Have you ever fallen in love with someone that you shouldn't have? We've all been there, right? And now, thanks to Bloomsbury's new If Only line of young adult romances, you can relive that feeling just in time for the summer reading season.
The If Only novels focus on teens who fall for someone they shouldn't -- such as a best friend's boyfriend or a guy that's totally wrong for them -- bringing home the point that "you want what you can't have."
The first two books in the series are Fool Me Twice by Mandy Hubbard and Wish You Were Italian by Kristin Rae and both these books are also a part of Bloomsbury's "First Loves" campaign and tour, which will also include the novels: The Chapel Wars by Lindsey Leavitt, Open Road Summer by Emery Lord, and Searching for Sky by Jillian Cantor.
Sticking with the theme, Fool Me Twice by Mandy Hubbard follows Mackenzie (Mack) who is out for revenge after getting dumped by her boyfriend Landon. An opportunity arises after Landon is struck with amnesia and Mack has the perfect plan - make Landon fall in love with her again, and dump him. Brilliant. But there's one major problem: Mack can't fall for Landon all over again.
Fool Me Twice is a light, fun, and cute read that is perfect to dive into while your lounging at the beach or sipping Mai Tais by the pool. I caught up with the fabulous author Mandy Hubbard to get all the details behind her guilty pleasure of a novel.
What was the inspiration behind your book Fool Me Twice?
My career started with young adult Rom-Com books (Prada & Prejudice in 2009 and You Wish in 2010) and I'd really wanted to go back to that space, but was having trouble coming up with a high-concept idea. For me, writing humor comes from the situations I put my characters in more than anything else, and it's gotta be a little bit ridiculous. Prada & Prejudice had time travel filled with comedy-of-errors situations, and You Wish had wacky wishes (Life-Sized My Little Pony anyone?).
While out at lunch with a group of publishing friends, one of them off-handedly said, "Someone should do a YA version of "Overboard."' I couldn't stop thinking about it, so I emailed her later that week and asked if she would mind me riffing off the idea. In the end the book's plot has little resemblance to the movie, but it got my wheels turning!
Tell me a bit about yourself and how you got into writing.
I've always been a reader--I remember having stacks of Berenstein Bears and Little Critter books next to my bed, which transitioned to The Saddle Club series, and then R. L. Stine's Fear Street books and Mary Higgins Clark's adult suspense novels. I even remember my best friend teasingly calling me a bookworm in the third grade, and being embarrassed by it!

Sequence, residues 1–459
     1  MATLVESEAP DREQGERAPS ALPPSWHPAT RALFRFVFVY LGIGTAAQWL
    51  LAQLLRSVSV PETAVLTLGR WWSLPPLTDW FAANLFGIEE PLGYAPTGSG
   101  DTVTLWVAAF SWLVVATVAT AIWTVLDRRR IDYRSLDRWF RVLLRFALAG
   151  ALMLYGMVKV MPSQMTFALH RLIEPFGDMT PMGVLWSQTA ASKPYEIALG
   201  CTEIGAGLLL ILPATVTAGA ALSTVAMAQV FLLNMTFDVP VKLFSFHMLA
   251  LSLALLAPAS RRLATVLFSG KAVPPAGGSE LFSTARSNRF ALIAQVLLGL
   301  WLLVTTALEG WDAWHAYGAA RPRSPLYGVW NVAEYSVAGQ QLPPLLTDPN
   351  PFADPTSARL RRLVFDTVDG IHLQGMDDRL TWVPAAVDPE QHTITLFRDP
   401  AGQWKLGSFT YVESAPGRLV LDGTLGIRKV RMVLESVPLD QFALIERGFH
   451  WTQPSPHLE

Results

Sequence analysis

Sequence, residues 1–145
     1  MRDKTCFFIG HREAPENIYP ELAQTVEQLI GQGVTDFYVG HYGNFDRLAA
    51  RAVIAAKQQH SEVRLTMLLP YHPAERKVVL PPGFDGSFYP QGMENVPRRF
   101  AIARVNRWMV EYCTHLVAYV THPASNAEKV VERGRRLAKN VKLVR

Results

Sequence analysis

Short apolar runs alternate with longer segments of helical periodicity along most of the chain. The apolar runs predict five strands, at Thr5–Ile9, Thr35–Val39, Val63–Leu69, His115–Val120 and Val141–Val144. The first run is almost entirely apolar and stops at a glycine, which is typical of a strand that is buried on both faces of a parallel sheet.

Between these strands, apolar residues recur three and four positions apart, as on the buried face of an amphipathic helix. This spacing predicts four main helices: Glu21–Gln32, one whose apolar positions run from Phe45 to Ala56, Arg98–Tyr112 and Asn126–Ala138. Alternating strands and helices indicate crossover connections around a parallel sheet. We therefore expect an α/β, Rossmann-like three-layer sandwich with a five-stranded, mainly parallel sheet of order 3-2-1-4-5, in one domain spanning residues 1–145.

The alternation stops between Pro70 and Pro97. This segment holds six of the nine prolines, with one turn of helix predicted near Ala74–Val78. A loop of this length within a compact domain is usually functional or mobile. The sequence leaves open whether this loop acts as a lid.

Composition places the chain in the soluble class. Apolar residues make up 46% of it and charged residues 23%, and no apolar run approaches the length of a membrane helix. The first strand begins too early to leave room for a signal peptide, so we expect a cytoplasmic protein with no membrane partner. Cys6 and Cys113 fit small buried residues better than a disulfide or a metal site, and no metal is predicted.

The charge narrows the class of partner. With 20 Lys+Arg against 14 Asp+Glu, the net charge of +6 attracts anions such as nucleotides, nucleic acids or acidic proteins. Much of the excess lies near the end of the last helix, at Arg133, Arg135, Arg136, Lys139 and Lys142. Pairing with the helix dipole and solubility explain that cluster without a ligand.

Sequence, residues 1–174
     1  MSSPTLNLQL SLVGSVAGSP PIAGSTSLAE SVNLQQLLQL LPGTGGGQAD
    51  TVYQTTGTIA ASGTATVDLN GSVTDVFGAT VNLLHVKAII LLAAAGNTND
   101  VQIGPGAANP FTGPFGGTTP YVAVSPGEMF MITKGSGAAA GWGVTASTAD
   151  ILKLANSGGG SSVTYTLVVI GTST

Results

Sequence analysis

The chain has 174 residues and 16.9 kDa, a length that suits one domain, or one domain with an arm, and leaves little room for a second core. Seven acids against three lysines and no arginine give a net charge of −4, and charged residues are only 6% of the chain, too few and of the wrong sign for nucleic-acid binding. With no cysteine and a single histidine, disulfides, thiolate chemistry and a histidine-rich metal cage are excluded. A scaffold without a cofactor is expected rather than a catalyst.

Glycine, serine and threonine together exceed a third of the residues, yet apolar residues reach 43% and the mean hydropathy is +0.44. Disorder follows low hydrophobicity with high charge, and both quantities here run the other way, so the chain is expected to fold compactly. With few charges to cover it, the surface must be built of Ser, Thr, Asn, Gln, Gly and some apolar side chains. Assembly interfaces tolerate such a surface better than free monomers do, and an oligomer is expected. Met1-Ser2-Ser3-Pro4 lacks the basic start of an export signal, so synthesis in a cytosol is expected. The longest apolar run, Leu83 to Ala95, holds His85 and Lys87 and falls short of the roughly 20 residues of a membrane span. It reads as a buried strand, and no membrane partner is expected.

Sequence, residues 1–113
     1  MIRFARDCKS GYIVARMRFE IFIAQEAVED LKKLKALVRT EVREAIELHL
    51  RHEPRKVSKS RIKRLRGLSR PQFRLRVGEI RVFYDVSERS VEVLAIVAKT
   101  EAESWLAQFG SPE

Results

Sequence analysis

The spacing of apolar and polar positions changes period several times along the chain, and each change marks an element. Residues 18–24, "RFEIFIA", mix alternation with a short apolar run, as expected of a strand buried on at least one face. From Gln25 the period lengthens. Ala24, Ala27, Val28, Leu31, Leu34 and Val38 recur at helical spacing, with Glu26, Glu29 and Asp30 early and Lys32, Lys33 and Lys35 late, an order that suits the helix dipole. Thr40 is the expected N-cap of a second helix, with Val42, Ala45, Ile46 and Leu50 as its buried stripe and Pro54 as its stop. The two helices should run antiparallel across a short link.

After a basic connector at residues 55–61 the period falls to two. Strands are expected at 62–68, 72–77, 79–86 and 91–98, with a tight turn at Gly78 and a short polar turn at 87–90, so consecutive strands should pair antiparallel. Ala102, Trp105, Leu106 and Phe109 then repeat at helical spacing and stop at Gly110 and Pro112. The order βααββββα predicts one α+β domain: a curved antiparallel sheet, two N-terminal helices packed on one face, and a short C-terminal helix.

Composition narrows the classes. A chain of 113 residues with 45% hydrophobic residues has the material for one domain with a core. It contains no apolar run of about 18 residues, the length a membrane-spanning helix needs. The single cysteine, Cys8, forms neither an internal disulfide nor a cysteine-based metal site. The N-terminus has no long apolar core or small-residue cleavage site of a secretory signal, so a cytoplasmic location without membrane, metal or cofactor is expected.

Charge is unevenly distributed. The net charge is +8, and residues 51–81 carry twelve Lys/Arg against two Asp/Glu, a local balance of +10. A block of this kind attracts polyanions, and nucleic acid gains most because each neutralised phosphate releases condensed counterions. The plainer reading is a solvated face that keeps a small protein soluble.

I'm not, however, one of those authors who can say they always dreamed of being an author. It simply never occurred to me that I would enjoy it.
Fool Me Twice is part of the new If Only series centered around falling in love with the "wrong" person. How do you think people can relate to this concept?
I hate to sound like Taylor Swift, but I'm completely fascinated by love, and the way it can blind you to things. It's so easy to build up another person in your mind, make them into your fantasy soul mate, and it takes weeks or months to take the blinders off. I think every girl has fallen in love with the wrong guy at one time or another. They probably invented the saying "hindsight is 20/20" specifically to talk about ex-boyfriends.
In addition to being a writer, you are also a literary agent. How do you feel your work as an agent influences your writing and vice versa.
As an agent, I see first-hand just how many talented people are writing books and seeking publication. It's truly eye-opening to realize the level of competition out there, and how talent alone isn't enough--it's gotta be the whole package--voice, concept, execution, timing, luck. It definitely pushes me to make my writing better, to develop stronger concepts, to revise one more time, because there's a finite amount of space on each publisher's list.
I'd like to think I'm a "kinder, gentler" agent because of my writing. I know what it's like to be rejected or to get disappointing news and I try to cushion the blow. I've also sold clients books to the same publishers I've written for, and it's enabled me to give them the inside scoop on what to expect from their editor, or the publicity team.
What do you want people to walk away with after reading Fool Me Twice?
With my humorous books, I'm all about the escape-from-real-life. I don't need a reader to walk away changed, I just want them to enjoy the few hours they spend with my characters. It's the same reason I'll watch "Pitch Perfect" again and again even though I've already seen it dozens of times--it can lift my mood and make me smile. So I guess what I'm saying is... I hope Fool Me Twice is the literary equivalent of "Pitch Perfect." Is that so much to ask?